For a in-depth look at exactly how Shanahan worked his magic, our very own Akash Anavarathan did an awesome job breaking down the details in his article: How Kyle Shanahan’s offense adjusted multiple times to defeat the New Orleans Saints With the recently resurgent Atlanta Falcons coming in this week, Shanahan will need to continue to work his magic and keep their defense off balance.

Don’t let the Falcons 4-9 record allow you to fall asleep at the wheel

One would fathom with the Falcons are allowing 26.4 points per game (26th), 366.4 yards per game (21st), 258.4 pass yards per game (24th), and 108 rush yards per game (16th), this game would be a wash. Well, this is the NFL, and any given Sunday is real. So regardless of how this team looks on paper, they do have some playmakers on both sides of the ball, and a guy named Grady Jarrett on defense that can be a problem.

On offense, though three of their top offensive weapons and one of their lineman have appeared on the injury report: Calvin Ridley (out for season), Julio Jones (shoulder), Devonte Freeman (knee), Wes Schweitzer (shoulder), James Carpenter (concussion), the 49ers cannot look past this game. And though the Falcons are 4-9, they played some pretty good football last week vs. the Carolina Panthers and served up a 40 burger.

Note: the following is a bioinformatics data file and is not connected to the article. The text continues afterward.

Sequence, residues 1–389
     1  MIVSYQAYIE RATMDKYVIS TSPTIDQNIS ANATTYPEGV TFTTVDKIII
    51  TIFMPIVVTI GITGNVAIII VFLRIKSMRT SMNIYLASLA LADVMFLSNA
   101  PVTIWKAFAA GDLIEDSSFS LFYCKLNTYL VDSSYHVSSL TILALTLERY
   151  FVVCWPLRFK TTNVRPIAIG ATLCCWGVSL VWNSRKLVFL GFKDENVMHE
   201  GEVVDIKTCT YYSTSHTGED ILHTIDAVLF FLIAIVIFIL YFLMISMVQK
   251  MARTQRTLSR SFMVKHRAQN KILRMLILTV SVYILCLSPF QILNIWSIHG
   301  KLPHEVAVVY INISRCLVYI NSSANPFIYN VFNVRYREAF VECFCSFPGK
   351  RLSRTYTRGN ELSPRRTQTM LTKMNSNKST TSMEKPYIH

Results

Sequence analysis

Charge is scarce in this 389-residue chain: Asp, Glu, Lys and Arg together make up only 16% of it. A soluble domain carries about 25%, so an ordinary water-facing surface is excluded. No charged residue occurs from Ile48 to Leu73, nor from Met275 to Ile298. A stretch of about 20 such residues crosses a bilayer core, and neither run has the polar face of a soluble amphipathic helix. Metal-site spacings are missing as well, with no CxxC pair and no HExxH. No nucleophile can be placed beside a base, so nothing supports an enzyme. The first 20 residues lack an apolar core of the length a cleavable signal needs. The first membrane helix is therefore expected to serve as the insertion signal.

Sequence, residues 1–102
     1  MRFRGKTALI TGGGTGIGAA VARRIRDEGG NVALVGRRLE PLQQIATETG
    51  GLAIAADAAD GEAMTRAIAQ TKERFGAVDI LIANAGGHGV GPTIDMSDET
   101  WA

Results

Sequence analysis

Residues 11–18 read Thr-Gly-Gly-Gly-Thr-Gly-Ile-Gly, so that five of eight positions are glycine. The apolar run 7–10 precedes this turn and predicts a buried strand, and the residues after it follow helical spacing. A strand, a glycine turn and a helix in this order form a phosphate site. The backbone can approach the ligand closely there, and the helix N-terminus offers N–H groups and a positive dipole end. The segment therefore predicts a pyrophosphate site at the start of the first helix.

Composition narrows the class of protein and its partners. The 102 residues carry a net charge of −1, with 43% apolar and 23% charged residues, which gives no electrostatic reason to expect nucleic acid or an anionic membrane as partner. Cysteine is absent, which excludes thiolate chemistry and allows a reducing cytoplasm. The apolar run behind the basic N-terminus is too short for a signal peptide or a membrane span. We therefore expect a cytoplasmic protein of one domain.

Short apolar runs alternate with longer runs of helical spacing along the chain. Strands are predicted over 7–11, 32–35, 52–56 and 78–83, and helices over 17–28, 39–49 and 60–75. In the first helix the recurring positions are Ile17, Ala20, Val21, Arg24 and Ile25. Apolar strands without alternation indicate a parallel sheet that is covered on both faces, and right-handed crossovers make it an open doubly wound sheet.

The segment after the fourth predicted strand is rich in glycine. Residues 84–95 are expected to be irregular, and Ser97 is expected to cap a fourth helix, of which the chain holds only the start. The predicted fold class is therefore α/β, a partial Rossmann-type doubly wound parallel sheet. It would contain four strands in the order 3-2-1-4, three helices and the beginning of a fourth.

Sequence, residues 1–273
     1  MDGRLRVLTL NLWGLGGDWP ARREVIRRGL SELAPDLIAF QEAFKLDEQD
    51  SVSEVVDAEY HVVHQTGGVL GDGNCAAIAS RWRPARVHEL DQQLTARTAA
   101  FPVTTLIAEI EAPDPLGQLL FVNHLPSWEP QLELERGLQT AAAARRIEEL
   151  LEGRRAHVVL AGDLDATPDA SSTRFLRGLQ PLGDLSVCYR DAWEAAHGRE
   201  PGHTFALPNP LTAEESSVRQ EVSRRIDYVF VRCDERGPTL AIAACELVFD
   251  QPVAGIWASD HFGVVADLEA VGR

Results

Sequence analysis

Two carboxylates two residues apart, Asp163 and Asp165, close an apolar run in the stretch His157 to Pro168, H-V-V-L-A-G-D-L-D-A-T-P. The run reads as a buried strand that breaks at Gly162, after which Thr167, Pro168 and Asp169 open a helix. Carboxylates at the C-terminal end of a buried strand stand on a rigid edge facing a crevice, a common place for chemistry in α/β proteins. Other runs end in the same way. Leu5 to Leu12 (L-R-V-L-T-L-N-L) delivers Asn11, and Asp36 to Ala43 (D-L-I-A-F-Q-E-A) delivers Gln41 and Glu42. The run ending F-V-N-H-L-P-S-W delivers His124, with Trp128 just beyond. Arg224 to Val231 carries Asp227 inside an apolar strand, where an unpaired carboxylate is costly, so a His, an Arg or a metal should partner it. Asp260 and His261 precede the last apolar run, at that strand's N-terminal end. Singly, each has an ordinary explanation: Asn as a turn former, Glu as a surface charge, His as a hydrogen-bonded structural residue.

So if you think for one minute, this Falcons team doesn’t want to walk into Levi’s Stadium and embarrass their former Offensive Coordinator and hand him his third loss, playing the most inspired football of the season, you’re sadly mistaken. Let’s play this game like the must-win because it is!

Oh, one more thing. You know how some were upset because the Minnesota Vikings failed to beat the Seattle Seahawks a few weeks back and realized the 49ers couldn’t depend on anyone else and have to do it themselves? Well, keep that same energy when thinking that his Falcons game isn’t a must-win. The 49ers need to win out because they can’t count on Seattle losing. LET’S GO GET IT!

We have arrived

Okay, faithful, we’re back at Levi’s. As always, I thank you for taking the time to ride and talk football 49ers football with me. Now I know this 49ers team is banged up, but they’ve found a way to play through injuries and win 11 of their 13 games thus far. So long as the offensive line holds up for Jimmy, the pass rush gets after Ryan either limiting his time to throw with pressures or preventing him from throwing at all with sacks; this should be win number 12. Let’s go Niners, 4-9 Falcons or not; it has to be ALL GAS, NO BRAKE! DON’T FALL ASLEEP AT THE WHEEL!